Gifted with a strong temperament, he had a very aggressive and brash drive, which attracted him sympathies among the fans but also dislikes among his colleagues.
A few years ago, in this regard, the video, recorded inside a Honda Civic, went around the world, in which you could see the astonished reactions of his wife Francesca Accordi carried by him around a circuit, without much regard for fear of her and of the promises made earlier.
He arrived in Formula 1 thanks to Shadow, an American team recently active in the category from a rib of which Arrows, the second team of Patrese himself, would later be born.
In his second season, the first results began to arrive, with a second place in Sweden and a fourth in Montreal.
After three more podiums, the first victory in a GP came in 1982 with the move to Brabham, when it seemed the right year finally arrived for the Paduan driver as he also won the important Monaco Grand Prix (in a race characterized by numerous withdrawals due to rain) and also placed second in Canada and third in the United States.
He thus found himself in a good position in the general classification in mid-season, only to run into a series of retirements that brought him back from the top. A second victory was obtained the following year in South Africa, while very unfortunate was the momentary move to Alfa Romeo in 1984 and 1985.
The fate finally began to turn only in 1989, when he was by now a veteran of the Grand Prix with more than ten years of experience behind him.
Williams, who had signed him the year before, finally found the right set-up thanks to the Renault engine and, after the unprofitable first three races, propelled the Paduan into the fight for the title with four consecutive podiums and five in six races.
The Formula 1 Veteran Who Reached the Top at the End of His Career
Unfortunately for the Italians, however, the World Championship soon proved to be a two-way race between Prost and Senna, both at McLaren Honda, with the second most successful but the first most continuous and champion at the end of the season.
Patrese tried again, however, again in 1991 and 1992, now almost forty. In the first case, he won two Grands Prix but could not keep up with Senna’s overwhelming power, finishing third behind his teammate Mansell.
The following year, with McLaren in decline and Benetton’s not yet complete growth, Williams finally had the chance to win, but all the innovations were given first to Mansell, in fact, the first driver, and Patrese went no further. the title of vice-champion of the world.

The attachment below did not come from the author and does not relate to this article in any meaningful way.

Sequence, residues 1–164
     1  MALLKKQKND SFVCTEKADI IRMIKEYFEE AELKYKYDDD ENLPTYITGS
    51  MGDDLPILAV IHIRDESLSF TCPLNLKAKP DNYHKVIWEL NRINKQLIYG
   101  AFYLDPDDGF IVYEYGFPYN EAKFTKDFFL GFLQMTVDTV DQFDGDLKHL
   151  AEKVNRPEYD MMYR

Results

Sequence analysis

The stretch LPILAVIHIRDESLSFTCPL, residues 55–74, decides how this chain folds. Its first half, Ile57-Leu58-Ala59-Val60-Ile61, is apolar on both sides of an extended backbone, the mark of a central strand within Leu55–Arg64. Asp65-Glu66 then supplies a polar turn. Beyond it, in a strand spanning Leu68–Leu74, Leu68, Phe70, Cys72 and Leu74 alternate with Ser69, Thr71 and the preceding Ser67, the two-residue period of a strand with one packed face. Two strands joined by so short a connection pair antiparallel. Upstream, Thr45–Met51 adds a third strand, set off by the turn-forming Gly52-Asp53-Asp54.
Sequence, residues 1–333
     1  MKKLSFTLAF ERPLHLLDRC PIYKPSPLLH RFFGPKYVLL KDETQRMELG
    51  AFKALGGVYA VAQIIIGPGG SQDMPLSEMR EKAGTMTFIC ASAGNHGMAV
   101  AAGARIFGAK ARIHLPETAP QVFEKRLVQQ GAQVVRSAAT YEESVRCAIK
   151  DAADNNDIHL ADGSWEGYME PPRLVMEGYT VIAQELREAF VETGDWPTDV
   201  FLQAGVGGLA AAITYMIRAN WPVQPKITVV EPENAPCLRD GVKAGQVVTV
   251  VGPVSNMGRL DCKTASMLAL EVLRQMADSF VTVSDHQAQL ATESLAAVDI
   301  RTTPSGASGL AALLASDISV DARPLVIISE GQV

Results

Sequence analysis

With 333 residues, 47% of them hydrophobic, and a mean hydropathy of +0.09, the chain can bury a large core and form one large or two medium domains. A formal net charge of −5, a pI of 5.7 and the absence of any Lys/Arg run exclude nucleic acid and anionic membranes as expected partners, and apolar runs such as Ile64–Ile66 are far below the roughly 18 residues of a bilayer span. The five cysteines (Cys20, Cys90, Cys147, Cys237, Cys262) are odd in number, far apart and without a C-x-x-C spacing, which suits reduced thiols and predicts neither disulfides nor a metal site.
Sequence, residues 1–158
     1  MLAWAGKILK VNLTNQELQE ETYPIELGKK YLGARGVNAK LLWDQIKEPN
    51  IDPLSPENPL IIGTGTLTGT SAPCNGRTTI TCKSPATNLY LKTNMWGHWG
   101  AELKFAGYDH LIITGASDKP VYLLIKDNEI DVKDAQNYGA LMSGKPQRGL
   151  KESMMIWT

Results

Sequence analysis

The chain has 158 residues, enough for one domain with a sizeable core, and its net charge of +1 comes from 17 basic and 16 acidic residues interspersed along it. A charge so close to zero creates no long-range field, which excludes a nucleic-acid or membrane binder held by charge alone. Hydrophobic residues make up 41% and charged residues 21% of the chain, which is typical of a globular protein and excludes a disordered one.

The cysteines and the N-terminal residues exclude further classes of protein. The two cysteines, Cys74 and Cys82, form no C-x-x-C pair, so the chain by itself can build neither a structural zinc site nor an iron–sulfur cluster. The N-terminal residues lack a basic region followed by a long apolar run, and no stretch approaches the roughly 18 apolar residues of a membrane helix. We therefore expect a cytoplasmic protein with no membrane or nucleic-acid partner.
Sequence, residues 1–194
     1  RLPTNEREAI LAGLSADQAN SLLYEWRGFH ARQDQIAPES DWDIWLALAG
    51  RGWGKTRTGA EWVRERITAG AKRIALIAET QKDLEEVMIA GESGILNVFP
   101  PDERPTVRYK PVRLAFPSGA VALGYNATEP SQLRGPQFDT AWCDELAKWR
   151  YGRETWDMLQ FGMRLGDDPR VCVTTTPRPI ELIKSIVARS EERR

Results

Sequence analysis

The last year before his retirement, racing with Benetton, finally saw him close in fifth place overall.
4. Elio De Angelis
Less fortunate than that of Patrese was the career of almost the same age Elio De Angelis, born in Rome in 1958 and unfortunately passed away before he could reach the milestone of thirty.
However, his path was, at least at the beginning, similar to that of the compatriot we have just finished talking about.
After having made his bones in minor competitions and having conquered the title of national Formula 3 champion in 1977, he landed in Formula 1 again thanks to Shadow, constantly looking for new talents to launch in the world motoring scene.
Already from his first year, he showed promising qualities, then moved on to Lotus in 1980 and got his first podium in Brazil, in the second race with the new team.
The Career of the Lotus Driver
The first years at the British manufacturer – with the exception of the black 1983 vintage, in which he managed to finish only two GPs – were characterized by good placings, crowned by the victory of the Austrian Grand Prix in 1982 (in a memorable photo finish with the Keke Rosberg from Finland, in a race characterized by many retirements).
From 1984, however, De Angelis seemed capable of being able to race for the top positions, given that he had matured as a driver and his car had also grown.
In fact, 1984 started very well, with the Italian driver able to immediately conquer pole position in the first test in Brazil, then finished in third place.
A Couple of Encouraging Seasons
Until halfway through the championship De Angelis continued to accumulate points, also climbing on the podium in Imola and in the two US GPs of Detroit and Dallas, but in the second part of the season, the technical superiority of McLaren emerged in an indisputable way, above all for the ability of the technicians of the Porsche to better manage the fuel restrictions imposed by regulation that season.